I know from my Junior Skeptic research that England has a lengthy tradition—old news in Orwell’s time, but not gone even today—of flat-Earth advocacy which bewildered the public with just that question. I also know that answers to that challenge have been known since the days of Aristotle. Orwell knew those answers, and gave a good accounting of them:

As for the Flat Earth theory, I believe I could refute it. If you stand by the seashore on a clear day, you can see the masts and funnels of invisible ships passing along the horizons. This phenomenon can only be explained by assuming that the earth’s surface is curved. But it does not follow that the earth is spherical. Imagine another theory called the Oval Earth theory, which claims that the earth is shaped like an egg. What can I say against it?

Against the Oval Earth man, the first card I can play is the analogy of the sun and moon. The Oval Earth man promptly answers that I don’t know, by my own observation, that those bodies are spherical. I only know that they are round, and they may perfectly well be flat discs. I have no answer to that one. Besides, he goes on, what reason have I for thinking that the earth must be the same shape as the sun and moon? I can’t answer that one either.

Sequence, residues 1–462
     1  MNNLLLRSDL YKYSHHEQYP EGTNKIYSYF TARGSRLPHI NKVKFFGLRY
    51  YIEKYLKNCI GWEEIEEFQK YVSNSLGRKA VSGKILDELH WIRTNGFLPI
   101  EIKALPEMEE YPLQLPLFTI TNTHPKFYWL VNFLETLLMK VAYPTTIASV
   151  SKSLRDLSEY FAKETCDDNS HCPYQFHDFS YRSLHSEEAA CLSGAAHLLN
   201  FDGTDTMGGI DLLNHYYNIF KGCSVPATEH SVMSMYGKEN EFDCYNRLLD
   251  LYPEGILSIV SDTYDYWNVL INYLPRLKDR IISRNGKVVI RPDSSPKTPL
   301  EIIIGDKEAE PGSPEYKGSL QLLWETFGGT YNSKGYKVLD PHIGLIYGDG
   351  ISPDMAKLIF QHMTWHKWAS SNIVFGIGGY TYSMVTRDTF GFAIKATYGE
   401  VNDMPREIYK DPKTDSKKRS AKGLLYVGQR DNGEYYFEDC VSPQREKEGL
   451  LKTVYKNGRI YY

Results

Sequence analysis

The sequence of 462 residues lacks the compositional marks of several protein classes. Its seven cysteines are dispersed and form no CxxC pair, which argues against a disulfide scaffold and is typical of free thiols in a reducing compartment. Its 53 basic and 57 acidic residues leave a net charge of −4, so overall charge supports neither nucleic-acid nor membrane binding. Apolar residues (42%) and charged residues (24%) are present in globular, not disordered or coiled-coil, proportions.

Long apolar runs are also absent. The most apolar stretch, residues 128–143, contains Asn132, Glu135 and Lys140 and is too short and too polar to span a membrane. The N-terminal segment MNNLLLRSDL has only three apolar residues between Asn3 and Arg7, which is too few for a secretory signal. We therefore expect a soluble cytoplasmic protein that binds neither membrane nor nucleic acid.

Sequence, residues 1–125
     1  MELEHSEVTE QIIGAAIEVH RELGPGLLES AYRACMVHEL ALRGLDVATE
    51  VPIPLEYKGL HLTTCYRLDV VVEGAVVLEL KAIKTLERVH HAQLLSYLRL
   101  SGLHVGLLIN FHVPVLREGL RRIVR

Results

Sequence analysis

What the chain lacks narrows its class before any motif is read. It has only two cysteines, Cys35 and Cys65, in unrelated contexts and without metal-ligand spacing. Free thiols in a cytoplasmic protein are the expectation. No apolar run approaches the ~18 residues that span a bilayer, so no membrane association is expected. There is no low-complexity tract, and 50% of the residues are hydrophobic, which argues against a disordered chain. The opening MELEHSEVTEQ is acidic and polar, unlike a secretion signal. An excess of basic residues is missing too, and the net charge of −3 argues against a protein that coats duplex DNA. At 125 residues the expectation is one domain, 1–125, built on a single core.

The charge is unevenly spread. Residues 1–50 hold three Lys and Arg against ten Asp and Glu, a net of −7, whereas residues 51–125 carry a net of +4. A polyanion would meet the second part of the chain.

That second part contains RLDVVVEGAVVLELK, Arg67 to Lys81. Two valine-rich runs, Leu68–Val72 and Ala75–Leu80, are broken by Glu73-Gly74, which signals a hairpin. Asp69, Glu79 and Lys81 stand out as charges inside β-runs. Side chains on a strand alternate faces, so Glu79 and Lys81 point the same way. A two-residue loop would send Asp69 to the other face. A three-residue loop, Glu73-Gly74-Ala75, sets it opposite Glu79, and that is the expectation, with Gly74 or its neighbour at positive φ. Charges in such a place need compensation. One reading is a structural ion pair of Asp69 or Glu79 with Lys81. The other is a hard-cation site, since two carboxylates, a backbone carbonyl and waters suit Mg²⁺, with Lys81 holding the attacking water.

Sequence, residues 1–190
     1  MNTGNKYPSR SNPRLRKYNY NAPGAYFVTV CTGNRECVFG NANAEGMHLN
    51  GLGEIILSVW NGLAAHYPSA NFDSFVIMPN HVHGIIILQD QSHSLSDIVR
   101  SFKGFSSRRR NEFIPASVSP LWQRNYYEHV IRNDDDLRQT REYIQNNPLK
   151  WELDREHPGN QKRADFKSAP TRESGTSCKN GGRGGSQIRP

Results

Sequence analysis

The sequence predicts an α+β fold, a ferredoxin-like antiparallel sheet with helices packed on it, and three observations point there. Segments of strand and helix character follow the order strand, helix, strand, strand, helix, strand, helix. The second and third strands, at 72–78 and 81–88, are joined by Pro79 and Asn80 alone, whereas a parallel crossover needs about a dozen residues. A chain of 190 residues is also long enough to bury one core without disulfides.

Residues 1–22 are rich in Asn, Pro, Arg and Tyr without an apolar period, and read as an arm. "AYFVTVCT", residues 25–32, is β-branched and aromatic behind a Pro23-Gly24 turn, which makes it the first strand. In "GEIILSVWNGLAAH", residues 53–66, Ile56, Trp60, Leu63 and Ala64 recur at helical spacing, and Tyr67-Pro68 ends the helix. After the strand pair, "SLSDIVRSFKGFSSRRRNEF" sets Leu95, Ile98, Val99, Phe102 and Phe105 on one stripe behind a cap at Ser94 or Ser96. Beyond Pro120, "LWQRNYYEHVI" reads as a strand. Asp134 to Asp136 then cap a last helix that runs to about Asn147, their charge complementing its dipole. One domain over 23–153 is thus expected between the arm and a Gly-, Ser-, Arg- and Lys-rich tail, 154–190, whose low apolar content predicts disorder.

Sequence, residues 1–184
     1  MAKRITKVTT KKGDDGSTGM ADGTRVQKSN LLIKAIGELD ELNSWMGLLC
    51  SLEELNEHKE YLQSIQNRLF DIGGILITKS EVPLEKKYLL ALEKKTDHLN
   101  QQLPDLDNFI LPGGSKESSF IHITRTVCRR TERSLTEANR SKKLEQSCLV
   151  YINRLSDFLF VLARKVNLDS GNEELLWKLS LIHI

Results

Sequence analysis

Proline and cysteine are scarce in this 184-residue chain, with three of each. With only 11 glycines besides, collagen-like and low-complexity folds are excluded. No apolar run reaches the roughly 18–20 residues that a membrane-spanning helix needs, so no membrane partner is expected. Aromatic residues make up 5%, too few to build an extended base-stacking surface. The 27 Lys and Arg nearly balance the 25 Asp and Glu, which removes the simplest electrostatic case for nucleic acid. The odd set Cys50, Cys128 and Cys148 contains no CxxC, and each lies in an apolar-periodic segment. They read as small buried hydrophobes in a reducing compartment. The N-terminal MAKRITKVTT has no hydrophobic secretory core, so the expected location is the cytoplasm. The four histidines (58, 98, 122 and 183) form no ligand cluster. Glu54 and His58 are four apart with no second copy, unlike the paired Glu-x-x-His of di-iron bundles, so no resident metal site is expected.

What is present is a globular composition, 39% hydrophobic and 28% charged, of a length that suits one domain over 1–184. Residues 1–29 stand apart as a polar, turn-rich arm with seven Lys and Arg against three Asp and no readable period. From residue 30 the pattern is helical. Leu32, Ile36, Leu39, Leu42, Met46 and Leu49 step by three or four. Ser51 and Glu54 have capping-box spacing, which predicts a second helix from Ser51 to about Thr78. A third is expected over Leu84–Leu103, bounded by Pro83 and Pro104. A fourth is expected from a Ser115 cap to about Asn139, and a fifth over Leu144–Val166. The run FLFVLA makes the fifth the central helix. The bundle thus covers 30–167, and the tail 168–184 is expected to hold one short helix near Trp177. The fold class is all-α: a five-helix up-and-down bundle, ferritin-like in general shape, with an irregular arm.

My second card is the earth’s shadow: when cast on the moon during eclipses, it appears to be the shadow of a round object. But how do I know, demands the Oval Earth man, that eclipses of the moon are caused by the shadow of the earth? The answer is that I don’t know, but have taken this piece of information blindly from newspaper articles and science booklets.

Defeated in the minor exchanges, I now play my queen of trumps: the opinion of the experts. The Astronomer Royal, who ought to know, tells me that the earth is round. The Oval Earth man covers the queen with his king. Have I tested the Astronomer Royal’s statement, and would I even know a way of testing it? …

I have only one card left: navigation. People can sail ships round the world, and reach the places they aim at, by calculations which assume that the earth is spherical. I believe that finishes the Oval Earth man, though even then he may possibly have some kind of counter.

No doubt, for fringe claimants seem to have some superficially plausible answer to everything. But Orwell’s point was about our vulnerability and dependence as laypeople. He went on,